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Sudbury protest march to highlight poor health of River Stour after high levels of E. coli detected



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Levels of E. coli detected in a river running through the heart of Sudbury are 20 times above safety standards, according to campaigners preparing for a public demonstration this weekend.

Environmental campaigners will lead a protest march from Sudbury Town Hall to Friars Meadow today, starting at noon, to demand action to address the poor health of the River Stour.

The Essex and Suffolk Rivers Trust reported to Suffolk County Council in May that every river in the county had fallen below the standards for pollution set by the Government and the Water Framework Directive.

Protestors call for action to stop the pollution of the River Stour in Sudbury. Contributed picture
Protestors call for action to stop the pollution of the River Stour in Sudbury. Contributed picture

To highlight the problems at the River Stour, Cavendish resident Vincent McGoldrick carried out extensive testing of the water downstream of the Brundon Lane sewage treatment works, as part of his Open University dissertation.

The findings indicated that the water contained high levels of the Escherichia coli – a bacteria which is found in the intestines of mammals.

Although most types of E. coli are harmless, some strains can cause abdominal cramps, diarrhoea, vomiting, fever and urinary tract infections.

Green campaigners Ruth Hendry, Tim Regester, Vincent McGoldrick and Laura Smith are concerned by the levels of E. coli detected in the River Stour in Sudbury. Picture: Tim Regester
Green campaigners Ruth Hendry, Tim Regester, Vincent McGoldrick and Laura Smith are concerned by the levels of E. coli detected in the River Stour in Sudbury. Picture: Tim Regester

“The results are shocking,” said Mr McGoldrick, who visited the river at Kings Marsh with Green campaigners to observe the worst of the pollution. “The count is over 200 units in some places, but the safe standard is meant to be 10 or less.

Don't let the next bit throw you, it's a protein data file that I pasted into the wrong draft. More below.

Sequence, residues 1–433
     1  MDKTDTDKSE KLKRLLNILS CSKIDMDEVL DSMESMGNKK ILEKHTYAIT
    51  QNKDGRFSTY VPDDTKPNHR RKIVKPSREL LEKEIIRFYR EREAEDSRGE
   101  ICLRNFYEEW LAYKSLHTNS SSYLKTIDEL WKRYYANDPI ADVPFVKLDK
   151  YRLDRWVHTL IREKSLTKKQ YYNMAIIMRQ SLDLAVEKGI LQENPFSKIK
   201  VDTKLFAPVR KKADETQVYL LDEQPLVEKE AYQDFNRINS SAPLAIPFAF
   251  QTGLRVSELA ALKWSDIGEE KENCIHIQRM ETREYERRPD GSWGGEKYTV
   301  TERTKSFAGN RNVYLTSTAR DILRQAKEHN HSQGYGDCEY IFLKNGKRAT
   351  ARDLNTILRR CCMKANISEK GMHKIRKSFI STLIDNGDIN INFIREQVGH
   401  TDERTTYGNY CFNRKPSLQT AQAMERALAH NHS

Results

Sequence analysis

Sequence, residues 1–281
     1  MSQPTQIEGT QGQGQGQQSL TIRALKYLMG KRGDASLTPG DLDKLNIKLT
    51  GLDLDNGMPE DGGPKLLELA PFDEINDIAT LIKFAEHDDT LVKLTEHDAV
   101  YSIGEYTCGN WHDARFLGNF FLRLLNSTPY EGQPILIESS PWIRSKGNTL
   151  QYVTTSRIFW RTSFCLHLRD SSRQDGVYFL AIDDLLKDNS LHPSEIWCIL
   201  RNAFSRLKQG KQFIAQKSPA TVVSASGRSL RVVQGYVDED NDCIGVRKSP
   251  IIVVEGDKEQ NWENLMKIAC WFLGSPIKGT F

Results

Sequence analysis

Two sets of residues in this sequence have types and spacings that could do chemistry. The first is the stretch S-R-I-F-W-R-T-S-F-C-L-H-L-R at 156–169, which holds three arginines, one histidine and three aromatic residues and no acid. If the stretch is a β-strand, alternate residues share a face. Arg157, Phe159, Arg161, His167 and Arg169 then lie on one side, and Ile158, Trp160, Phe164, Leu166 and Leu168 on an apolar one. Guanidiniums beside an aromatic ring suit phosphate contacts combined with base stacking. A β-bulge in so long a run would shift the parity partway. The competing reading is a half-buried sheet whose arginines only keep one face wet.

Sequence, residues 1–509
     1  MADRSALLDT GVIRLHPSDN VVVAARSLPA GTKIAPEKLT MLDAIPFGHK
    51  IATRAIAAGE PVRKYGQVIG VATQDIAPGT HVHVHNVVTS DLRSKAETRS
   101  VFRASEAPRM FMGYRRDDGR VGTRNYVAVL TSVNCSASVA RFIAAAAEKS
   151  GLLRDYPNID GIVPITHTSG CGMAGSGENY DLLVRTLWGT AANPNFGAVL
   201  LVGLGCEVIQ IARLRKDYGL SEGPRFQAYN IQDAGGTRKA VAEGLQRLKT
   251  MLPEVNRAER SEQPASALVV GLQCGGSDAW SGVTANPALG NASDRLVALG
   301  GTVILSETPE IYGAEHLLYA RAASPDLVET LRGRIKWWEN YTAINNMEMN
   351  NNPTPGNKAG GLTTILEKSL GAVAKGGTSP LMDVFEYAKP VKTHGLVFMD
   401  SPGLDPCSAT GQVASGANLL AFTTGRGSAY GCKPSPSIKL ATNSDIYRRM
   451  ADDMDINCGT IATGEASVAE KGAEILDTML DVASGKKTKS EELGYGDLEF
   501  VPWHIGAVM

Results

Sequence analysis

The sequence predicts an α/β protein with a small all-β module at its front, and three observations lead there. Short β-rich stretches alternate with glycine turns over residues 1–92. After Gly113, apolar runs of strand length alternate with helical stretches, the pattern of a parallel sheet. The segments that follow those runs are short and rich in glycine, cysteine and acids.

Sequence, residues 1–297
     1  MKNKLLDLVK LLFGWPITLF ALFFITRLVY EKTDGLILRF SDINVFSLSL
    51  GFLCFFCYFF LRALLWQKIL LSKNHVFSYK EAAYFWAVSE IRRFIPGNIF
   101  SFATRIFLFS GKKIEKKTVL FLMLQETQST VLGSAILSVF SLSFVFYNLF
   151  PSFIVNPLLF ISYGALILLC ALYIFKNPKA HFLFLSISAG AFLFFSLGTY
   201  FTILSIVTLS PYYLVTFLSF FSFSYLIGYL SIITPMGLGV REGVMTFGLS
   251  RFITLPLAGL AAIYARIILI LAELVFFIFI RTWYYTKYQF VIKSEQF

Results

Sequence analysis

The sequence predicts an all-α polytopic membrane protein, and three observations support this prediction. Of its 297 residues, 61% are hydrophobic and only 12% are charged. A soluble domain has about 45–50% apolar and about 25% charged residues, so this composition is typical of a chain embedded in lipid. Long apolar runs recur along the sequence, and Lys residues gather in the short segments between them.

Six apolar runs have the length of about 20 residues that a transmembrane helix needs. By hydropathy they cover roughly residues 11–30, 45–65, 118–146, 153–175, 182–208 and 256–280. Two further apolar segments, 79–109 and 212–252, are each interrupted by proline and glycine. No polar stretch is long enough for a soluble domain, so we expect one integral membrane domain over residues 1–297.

“Some strains can cause serious food-poisoning symptoms and young children and older adults have a greater risk of developing a life-threatening form of kidney failure, if exposed to contaminated water.”

At a Suffolk County Council meeting earlier this year – where members approved a motion to investigate what more can be done to address river pollution – it was heard that Environment Agency funding cuts had affected the body’s ability to monitor sewage discharge by water companies.

Other contributing factors to the pollution included agricultural run-off and legacy problems with storm drains overflowing and spilling sewage into rivers.

Campaigner Laura Smith told Suffolk News: “A lot of people don’t know about the storm drain overspill when we get these big rains and the sewage system can’t cope.

“We’ve been giving information out to river users and many of them aren’t aware that none of the rivers in Suffolk are safe. This E. coli finding is an extra level of horror on top of that. That’s why a big part of this protest is about raising awareness.

“What we would like is for the Environment Agency to be allowed to have more teeth, and we would like to see the profits of the water companies not go to shareholders, but to clean up the rivers.”

It is also understood that a motion is expected to go before Babergh District Council in the near future, asking that developers be required to declare the impact that their proposed housing schemes would have on the local sewage system.

Sudbury town councillor Tim Regester, a Green Party member, added: “We were shocked when Vincent shared his results with us, and we are holding a public protest to highlight the condition of the river.

“We want the Environment Agency to have more resources to monitor the rivers properly. At the moment, they are too underfunded to do the job. It’s not just E. coli – the rivers are polluted by agricultural chemicals and other pollutants, too.

“The Stour is currently very low, and it isn’t really flowing. The concentration of pollutants will climb rapidly in the warm water, which will be dangerous to wildlife and river users, and is a threat to public health.”